* According to Hollywood lore, while filming the orgy sequence which precedes Moses' descent from Mount Horab with the Commandments, Cecil B. DeMille was perched on top of a ladder delivering his customarily long-winded directions through a megaphone to the hundreds of extras involved in the scene. After droning on to the extras for several minutes, DeMille was distracted by one young woman who was persistently talking to the woman standing next to her. DeMille stopped his speech and addressed everyone's attention to the young woman. "Here," DeMille said, "We have a young woman whose conversation with her friend is apparently more important than listening to her instructions from her director while we are all engaged in making motion picture history. Perhaps the young woman would care to enlighten us all, and tell us what the devil is so important that it cannot wait until after we make this shot." After a moment of awkward silence, the young woman spoke up and boldly confessed, "I was just saying to my friend, 'I wonder when that bald-headed old fart is gonna call 'Lunch!'" DeMille stared at the woman for a moment, paused, then lifted his megaphone and shouted, "Lunch!"

    * In the scene in which Ramses carries the dead body of his son (Eugene Mazzola), into the arms of the statue of Sokar, the boy changes from Eugene Mazzola's actual body to a wax dummy. The statue was unable to support Mazzola's actual body, and it was difficult for Mazzola to stay "dead" while he was placed on the statue.

    * Audrey Hepburn was originally slated for the role of "Nefretiri". DeMille reluctantly decided to pass on her after it was judged that she was too "slender" (i.e., flat-chested). Anne Baxter, who was eventually cast in the role, had originally been a contender for the role of "Sephora."

    * Pre-production work on this film included over 1,200 storyboard sketches.

    * The script contained 308 pages with 70 speaking parts.

    * Producer/Director Cecil B. DeMille turned 75 years of age during the production of this film making him the oldest working Hollywood director. He would suffer a heart attack on the set, returning to the set only days later. After this was completed, he would plan another epic production. He would die in 1959 before he could direct another, making this his last film.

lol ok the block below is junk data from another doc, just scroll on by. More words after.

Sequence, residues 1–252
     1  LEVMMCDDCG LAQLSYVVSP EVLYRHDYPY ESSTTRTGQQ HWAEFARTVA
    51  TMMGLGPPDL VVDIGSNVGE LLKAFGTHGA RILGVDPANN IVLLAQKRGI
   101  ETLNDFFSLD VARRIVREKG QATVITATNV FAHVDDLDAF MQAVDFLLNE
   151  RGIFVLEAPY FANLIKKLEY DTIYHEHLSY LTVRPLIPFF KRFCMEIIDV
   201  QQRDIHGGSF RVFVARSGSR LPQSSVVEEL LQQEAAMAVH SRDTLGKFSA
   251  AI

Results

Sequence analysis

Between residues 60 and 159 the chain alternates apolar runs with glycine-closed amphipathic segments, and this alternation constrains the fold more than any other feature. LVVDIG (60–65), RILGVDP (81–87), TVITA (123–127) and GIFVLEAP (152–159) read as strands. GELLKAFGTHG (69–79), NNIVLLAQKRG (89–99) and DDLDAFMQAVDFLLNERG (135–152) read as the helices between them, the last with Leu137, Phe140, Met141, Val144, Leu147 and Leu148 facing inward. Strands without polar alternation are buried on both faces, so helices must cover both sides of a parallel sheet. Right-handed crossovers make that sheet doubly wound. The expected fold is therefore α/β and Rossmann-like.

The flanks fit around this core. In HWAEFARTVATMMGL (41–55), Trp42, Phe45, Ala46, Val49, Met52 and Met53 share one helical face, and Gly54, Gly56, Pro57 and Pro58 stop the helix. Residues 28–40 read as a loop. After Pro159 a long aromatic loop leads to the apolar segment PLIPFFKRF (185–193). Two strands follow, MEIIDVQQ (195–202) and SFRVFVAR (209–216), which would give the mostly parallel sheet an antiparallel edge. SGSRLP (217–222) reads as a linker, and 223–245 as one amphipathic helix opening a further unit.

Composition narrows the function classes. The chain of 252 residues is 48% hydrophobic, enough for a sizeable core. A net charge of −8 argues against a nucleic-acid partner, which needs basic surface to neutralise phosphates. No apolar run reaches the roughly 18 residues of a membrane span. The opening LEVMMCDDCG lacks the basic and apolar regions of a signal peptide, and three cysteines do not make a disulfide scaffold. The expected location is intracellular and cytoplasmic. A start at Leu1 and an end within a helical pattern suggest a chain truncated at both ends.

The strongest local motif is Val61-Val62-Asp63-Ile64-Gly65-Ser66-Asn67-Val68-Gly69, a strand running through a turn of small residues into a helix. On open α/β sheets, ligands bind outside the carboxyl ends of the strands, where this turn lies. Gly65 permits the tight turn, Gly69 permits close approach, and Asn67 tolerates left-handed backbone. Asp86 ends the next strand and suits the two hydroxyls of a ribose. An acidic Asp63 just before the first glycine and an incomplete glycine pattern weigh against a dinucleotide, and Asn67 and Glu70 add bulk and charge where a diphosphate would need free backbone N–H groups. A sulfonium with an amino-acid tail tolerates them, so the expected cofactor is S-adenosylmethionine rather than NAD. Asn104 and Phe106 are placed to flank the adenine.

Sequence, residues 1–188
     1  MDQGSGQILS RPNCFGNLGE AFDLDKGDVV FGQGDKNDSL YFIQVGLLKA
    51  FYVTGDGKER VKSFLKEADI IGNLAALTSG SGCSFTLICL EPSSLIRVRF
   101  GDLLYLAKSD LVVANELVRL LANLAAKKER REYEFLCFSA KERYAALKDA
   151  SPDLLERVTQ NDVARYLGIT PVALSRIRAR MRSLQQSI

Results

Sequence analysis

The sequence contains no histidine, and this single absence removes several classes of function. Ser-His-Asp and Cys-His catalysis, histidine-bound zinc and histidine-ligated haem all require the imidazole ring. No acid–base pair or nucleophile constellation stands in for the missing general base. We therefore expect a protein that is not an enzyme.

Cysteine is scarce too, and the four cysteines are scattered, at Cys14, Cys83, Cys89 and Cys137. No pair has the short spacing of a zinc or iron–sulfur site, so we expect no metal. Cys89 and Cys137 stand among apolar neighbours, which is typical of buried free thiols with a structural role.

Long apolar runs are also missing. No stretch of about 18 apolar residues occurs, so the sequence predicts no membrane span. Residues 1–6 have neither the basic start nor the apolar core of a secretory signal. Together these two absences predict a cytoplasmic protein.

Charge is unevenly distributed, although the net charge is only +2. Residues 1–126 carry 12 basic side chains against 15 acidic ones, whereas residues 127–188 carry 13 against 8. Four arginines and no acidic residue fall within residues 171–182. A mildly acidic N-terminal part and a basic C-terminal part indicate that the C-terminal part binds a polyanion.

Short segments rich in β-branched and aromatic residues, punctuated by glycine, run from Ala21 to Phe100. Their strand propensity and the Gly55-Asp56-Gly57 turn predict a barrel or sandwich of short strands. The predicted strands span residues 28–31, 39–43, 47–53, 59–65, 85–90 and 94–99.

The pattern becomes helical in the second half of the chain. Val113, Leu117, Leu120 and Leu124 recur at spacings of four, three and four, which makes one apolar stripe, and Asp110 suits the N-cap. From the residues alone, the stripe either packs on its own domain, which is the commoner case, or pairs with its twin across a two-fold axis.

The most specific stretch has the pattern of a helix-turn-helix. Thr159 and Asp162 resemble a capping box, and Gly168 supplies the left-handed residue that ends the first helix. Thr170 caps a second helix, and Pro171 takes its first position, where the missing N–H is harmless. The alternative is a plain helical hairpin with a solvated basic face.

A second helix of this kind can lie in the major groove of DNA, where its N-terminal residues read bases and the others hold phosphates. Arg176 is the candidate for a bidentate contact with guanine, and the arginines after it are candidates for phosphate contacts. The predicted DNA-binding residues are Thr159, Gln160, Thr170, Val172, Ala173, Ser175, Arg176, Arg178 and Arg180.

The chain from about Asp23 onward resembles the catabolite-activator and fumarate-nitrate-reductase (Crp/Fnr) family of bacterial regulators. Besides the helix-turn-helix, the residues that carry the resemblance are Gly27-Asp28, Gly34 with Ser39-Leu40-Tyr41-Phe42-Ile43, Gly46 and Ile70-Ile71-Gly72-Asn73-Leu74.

* Because of the numerous scenes that required multiple cameras to be running simultaneously, Paramount had the Mitchell Camera Corporation build additional VistaVision cameras for this production. Decades later, these cameras were highly sought after by special effects companies due to their ability to produce large area negatives on standard 35mm filmstock.

    * Originally, when Elmer Bernstein was orchestrating the music to accompany the Great Exodus of the slaves out of Egypt, the music was mournful. Upon hearing it, Cecil B. DeMille ordered him to redo it, substituting joyful, upbeat music to announce the slaves joy of becoming a freed people.

    * According to Charlton Heston's autobiography, the filming of the orgy scenes was so grueling, it prompted one female extra to exclaim, "Who do I have to f**k to get OUT of this movie?"

    * This is perhaps the only Paramount film in which the VistaVision "Motion Picture High Fidelity" logo, together with its accompanying musical fanfare, does not appear at all.

    * [June 2008] Ranked #10 on the American Film Institute's list of the 10 greatest films in the genre "Epic".

    * During the early part of principal photography, Yul Brynner was still on Broadway starring in "The King and I." All of his shots on the actual Egyptian locations were done in one day after which he had to fly back to New York.

    * Several shots that appear throughout the movie are shots that were matted together from scenes shots on location in Egypt and scenes shots at the Paramount Studios in Hollywood. Most notable scenes featuring this multi-location matte-shooting are the scenes which Moses and Sethi watch the Obelisk being raised; the slaves in the background were shot in Egypt, the foreground with Moses and Sethi shot in Hollywood, and the background pylons being matte paintings.